Healthcare // Clinical Information Systems
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3/4/2014
10:42 AM
David F Carr
David F Carr
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The Quest For Population Health Management

Vendors large and small seek to prove they have the right tools for proactively managing patient health, coordinating care across providers, and supporting accountable-care models.

continuity of care. "I think of this as HIE 2.0," Agrawal said, with the focus the addition of a portal "for clinicians to see all the data they need to do their job."

The UPMC Windows 8 tablet app I wrote about the other day takes advantage of similar healthcare data integration and population health technology platform from Caradigm, a joint venture of GE Healthcare and Microsoft.

The technology firms pursuing population health management are not all big systems integrators, nor are they all taking the same approach.

InformationWeek contributor Mark Braunstein, who leads the informatics program at Georgia Tech, mentioned ClarityHealth as one of the startups doing impressive work that he encountered during his tour of the show floor.

In addition to sharing data recorded in software at hospitals and doctors' offices, many of these systems aim to promote evidence-based medical decision-making by providing easy access to research on what treatments are most effective for any given disorder. That factual information can also be combined with clinical data and analytics to make projections. MEDai, which is part of LexisNexis, takes this approach.

Every population health management venture claims to provide actionable information, but often it's more backward than forward-looking, said Peter Edelstein, chief medical officer for MEDai. "Once my diabetics have lost their kidneys, they're not really actionable anymore," he said. "What really you want to do is identify these groups of people while there's time to make a significant impact on the quality of care, which in turn reduces the price."

MEDai's approach combines access to troves of reference data with proprietary predictive analytics, he said. One future approach the company is likely to pursue tapping all the public information indexed by LexisNexis. For example, one way to compile a better predictive score of how likely an individual is to adhere to a doctor's orders for medication, rest, or exercise might be to look at how disciplined they are in other areas of their lives -- like whether they are current on their mortgage, Edelstein said.

Athenahealth took advantage of HIMSS to introduce AthenaCoordinator Enterprise, a version of its cloud software aimed at hospitals and large healthcare networks for care coordination across multiple providers and EHR systems. That may not be a complete population health offering, but "anyone who says they have a complete solution is not thinking about the problem clearly," said Athenahealth COO Todd Park.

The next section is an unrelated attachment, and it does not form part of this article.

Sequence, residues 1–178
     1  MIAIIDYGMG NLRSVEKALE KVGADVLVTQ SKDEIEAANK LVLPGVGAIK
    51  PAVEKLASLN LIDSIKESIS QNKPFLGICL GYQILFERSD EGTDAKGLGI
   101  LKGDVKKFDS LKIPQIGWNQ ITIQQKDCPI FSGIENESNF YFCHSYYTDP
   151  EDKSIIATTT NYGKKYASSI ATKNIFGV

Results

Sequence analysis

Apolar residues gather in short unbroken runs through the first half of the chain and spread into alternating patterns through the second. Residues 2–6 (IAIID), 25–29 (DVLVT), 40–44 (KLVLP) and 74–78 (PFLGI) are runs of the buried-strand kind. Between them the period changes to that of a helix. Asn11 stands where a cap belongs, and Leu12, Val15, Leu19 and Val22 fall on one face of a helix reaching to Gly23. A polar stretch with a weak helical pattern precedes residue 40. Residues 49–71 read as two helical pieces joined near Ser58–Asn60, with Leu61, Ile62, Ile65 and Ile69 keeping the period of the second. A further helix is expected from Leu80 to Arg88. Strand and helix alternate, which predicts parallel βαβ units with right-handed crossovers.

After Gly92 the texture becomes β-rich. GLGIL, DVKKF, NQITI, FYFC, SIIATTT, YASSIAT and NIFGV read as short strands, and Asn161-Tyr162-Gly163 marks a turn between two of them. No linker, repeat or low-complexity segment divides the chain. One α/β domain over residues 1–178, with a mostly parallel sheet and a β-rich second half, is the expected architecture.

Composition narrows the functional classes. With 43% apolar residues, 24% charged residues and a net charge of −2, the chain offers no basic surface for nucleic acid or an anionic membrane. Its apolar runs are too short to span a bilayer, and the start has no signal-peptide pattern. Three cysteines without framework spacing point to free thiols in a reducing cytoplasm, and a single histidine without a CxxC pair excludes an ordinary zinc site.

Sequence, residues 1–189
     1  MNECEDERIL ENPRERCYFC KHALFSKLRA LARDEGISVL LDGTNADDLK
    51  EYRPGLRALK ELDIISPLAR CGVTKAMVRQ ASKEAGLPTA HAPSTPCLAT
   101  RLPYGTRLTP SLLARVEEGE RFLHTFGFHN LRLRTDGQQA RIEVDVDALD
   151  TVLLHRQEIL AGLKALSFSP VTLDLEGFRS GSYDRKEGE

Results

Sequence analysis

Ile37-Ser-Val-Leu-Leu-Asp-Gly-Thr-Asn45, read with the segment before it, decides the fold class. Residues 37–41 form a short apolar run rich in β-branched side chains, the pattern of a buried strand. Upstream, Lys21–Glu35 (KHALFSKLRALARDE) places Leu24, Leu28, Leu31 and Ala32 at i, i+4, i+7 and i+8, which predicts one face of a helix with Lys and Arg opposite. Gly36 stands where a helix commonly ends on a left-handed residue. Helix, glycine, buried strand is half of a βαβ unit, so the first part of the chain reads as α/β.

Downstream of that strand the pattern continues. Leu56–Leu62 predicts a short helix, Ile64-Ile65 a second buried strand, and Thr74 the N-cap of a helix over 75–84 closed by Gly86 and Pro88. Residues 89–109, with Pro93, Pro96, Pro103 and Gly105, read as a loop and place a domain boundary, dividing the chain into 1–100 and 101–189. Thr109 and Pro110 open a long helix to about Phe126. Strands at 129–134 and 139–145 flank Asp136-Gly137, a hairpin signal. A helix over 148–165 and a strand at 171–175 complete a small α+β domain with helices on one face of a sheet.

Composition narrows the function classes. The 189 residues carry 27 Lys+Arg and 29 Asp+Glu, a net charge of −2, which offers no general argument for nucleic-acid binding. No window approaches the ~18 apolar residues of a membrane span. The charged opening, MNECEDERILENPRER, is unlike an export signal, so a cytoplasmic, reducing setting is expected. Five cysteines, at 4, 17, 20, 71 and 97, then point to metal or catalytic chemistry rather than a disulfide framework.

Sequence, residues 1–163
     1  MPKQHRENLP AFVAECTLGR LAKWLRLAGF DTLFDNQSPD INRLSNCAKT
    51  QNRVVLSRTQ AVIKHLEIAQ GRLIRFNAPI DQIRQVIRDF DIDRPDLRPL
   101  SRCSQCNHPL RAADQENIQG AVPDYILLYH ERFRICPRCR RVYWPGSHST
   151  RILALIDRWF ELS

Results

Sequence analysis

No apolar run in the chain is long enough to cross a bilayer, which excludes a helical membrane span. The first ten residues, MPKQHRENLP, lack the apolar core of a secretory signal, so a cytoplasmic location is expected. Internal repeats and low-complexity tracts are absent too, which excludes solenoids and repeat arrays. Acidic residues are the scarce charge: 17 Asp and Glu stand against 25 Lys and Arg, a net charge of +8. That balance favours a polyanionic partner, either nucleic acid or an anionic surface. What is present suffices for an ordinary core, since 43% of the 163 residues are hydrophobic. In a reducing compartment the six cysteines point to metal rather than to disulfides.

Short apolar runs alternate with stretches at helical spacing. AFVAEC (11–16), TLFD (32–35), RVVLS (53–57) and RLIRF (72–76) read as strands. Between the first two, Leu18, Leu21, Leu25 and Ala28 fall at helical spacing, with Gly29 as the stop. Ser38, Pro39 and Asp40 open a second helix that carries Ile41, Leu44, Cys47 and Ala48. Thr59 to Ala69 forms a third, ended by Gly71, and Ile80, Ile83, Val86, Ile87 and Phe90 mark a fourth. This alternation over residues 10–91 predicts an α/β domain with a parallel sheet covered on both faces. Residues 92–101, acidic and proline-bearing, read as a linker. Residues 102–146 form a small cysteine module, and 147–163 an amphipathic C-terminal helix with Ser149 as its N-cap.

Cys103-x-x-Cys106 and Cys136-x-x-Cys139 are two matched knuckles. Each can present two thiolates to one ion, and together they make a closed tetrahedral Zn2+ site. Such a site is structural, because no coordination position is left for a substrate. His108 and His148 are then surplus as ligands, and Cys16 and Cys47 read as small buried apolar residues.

Park, the original developer of the AthenaNet cloud software platform, was at HIMSS to give a presentation (mirrored in an essay for re/code) on "What Healthcare Can Learn from Amazon.com." He sees the transition from fee-for-service to value-based reimbursement as "massively overhyped," in the sense that new reimbursement models are catching on slowly overall, with big regional differences in the rate of adoption. The consumerization of software is an even bigger trend, he said, and care coordination will have to get better for that reason alone.

"Care coordination, in some ways, is customer service," Park said.

Download Healthcare IT in the Obamacare Era, the InformationWeek Healthcare digital issue on the impact of new laws and regulations. Modern technology created the opportunity to restructure the healthcare industry around accountable care organizations, but IT priorities are also being driven by the shift.

David F. Carr oversees InformationWeek's coverage of government and healthcare IT. He previously led coverage of social business and education technologies and continues to contribute in those areas. He is the editor of Social Collaboration for Dummies (Wiley, Oct. 2013) and ... View Full Bio

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David F. Carr
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David F. Carr,
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3/4/2014 | 3:27:33 PM
Have you found good tools for population health management?
What software or cloud tools have you found useful for managing the health of patients and specific categories of the population, such as diabetics and heart patients?
anon2181260208
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anon2181260208,
User Rank: Apprentice